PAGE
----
Petri nets are particularly suitable for modelling metabolic reactions, because the similarities are intuitive and there is no need for detailed information about the reactions rates. This is an advantage, because often these rates are not known and hard, or at least costly to obtain. The lack of information about reaction rates is one major shortcoming for the application of differential models, which we will discuss in the next section. However, sometimes the reaction rates will be crucial to the function of the whole metabolic pathway and therefore need to be included in the pathway model (there are extensions to Petri Nets which address this, see the section on hybrid models below).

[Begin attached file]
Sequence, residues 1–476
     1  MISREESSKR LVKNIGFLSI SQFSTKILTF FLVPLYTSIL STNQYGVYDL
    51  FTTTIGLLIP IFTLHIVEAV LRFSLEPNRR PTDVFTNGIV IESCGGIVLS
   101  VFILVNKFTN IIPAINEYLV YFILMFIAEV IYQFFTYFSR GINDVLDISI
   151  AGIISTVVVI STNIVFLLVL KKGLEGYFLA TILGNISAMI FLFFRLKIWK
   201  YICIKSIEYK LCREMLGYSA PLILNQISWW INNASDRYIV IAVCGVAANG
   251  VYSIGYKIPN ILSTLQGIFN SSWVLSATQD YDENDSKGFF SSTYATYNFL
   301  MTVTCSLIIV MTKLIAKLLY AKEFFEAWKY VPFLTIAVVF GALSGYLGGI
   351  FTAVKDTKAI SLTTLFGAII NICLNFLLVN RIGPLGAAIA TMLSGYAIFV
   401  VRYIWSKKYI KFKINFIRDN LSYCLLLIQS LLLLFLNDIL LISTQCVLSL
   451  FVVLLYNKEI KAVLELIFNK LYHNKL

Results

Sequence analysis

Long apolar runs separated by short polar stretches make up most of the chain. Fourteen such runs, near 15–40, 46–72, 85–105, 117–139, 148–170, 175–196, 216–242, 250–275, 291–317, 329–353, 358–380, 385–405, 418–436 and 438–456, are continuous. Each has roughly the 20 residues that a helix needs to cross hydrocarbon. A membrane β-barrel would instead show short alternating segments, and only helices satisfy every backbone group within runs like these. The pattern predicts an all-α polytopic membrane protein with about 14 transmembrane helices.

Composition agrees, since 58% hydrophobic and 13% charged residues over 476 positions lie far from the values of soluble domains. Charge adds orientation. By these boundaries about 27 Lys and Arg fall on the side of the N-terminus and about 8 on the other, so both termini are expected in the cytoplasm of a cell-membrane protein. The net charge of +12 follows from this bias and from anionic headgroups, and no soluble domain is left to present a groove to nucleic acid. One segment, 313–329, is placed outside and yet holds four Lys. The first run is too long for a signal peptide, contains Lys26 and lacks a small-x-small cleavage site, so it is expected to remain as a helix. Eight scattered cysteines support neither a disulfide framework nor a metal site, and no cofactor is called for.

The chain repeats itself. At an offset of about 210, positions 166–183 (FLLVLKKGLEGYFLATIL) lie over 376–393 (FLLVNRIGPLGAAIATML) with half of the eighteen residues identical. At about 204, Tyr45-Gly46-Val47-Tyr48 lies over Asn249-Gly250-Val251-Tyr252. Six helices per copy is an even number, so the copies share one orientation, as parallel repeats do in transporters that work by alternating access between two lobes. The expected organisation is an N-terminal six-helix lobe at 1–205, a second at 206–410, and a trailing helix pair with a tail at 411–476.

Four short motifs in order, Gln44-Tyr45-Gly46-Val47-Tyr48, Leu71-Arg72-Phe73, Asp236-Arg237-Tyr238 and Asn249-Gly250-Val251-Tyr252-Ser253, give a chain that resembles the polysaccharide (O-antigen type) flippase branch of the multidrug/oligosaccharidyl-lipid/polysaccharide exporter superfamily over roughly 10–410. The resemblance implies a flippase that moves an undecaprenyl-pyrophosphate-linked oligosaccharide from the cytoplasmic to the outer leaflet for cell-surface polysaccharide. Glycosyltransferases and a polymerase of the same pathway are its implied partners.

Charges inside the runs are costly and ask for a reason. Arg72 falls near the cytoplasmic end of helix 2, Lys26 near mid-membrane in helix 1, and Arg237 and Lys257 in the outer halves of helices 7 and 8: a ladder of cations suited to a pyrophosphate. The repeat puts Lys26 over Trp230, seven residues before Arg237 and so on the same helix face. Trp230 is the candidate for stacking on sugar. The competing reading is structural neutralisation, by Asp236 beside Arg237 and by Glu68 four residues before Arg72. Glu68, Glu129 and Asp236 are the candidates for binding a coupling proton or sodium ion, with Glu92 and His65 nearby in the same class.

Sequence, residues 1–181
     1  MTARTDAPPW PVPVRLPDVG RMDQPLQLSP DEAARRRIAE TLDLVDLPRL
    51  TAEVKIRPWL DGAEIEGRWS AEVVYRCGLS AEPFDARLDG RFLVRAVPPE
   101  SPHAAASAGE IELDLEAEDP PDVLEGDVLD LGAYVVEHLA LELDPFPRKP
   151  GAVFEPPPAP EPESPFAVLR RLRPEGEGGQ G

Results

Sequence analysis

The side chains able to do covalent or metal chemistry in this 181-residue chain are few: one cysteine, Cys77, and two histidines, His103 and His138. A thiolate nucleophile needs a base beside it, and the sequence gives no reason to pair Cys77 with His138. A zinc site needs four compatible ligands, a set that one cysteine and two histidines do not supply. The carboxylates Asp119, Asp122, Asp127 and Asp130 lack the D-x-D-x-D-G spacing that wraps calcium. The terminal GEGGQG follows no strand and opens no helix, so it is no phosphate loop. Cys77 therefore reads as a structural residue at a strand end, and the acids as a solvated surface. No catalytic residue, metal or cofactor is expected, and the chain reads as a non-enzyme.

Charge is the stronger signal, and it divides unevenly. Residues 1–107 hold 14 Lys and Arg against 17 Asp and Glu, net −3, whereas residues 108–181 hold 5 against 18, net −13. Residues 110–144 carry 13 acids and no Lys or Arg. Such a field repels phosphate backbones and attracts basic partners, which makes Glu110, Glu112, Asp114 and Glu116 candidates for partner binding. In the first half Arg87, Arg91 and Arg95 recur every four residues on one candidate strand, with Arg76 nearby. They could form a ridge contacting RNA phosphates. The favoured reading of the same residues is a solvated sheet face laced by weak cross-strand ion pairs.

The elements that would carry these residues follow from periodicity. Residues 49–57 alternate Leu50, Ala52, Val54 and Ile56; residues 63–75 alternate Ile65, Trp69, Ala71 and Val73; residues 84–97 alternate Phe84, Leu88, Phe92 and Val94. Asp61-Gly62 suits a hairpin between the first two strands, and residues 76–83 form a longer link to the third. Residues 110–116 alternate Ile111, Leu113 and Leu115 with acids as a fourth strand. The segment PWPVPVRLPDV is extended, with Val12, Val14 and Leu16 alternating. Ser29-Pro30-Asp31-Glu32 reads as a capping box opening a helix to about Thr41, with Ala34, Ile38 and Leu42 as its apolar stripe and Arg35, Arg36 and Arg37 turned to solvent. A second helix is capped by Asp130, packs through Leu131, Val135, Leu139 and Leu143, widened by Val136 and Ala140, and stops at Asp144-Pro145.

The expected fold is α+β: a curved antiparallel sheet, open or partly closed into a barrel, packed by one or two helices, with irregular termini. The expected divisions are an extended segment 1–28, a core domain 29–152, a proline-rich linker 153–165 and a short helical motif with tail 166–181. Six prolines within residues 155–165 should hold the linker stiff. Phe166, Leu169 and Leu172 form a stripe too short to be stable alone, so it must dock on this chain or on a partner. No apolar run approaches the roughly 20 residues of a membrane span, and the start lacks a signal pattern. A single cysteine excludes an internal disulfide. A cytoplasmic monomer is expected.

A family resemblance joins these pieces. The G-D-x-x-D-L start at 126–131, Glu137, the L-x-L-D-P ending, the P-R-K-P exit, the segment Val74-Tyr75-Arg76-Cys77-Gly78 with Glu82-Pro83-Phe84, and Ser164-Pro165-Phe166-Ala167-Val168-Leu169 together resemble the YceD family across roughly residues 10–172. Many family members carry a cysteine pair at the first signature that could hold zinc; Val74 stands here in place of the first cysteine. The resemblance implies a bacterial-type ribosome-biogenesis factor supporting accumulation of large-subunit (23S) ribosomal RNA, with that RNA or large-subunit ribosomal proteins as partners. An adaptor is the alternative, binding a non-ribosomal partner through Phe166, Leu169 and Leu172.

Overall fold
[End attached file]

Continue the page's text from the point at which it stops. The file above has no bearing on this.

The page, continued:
Difference and differential equation models

Boolean networks and Petri nets can reveal important network properties, but are too crude to capture some important aspects of network dynamics. Difference and differential equations allow more detailed descriptions of network dynamics, by explicitly modelling the concentration changes of molecules over time [63, 64, 7880].

The basic difference equation model is of the form


where g i (t + Δt) is the expression level of gene i at time t + Δt, and w ij the weight indicating how much the level of gene i is influenced by gene j (i,j = 1...n). Note that this model assumes a linear logic control model – the expression levels of genes at a time t+Δt, depends linearly on the expression levels of all genes at a time t. For each gene, one can add extra terms indicating the influence of additional substances [64].

Differential equation models are similar to difference equation models, but follow concentration changes continuously, modelling the time difference between two time steps in infinitely small time increases, i.e. Δt is approaching 0.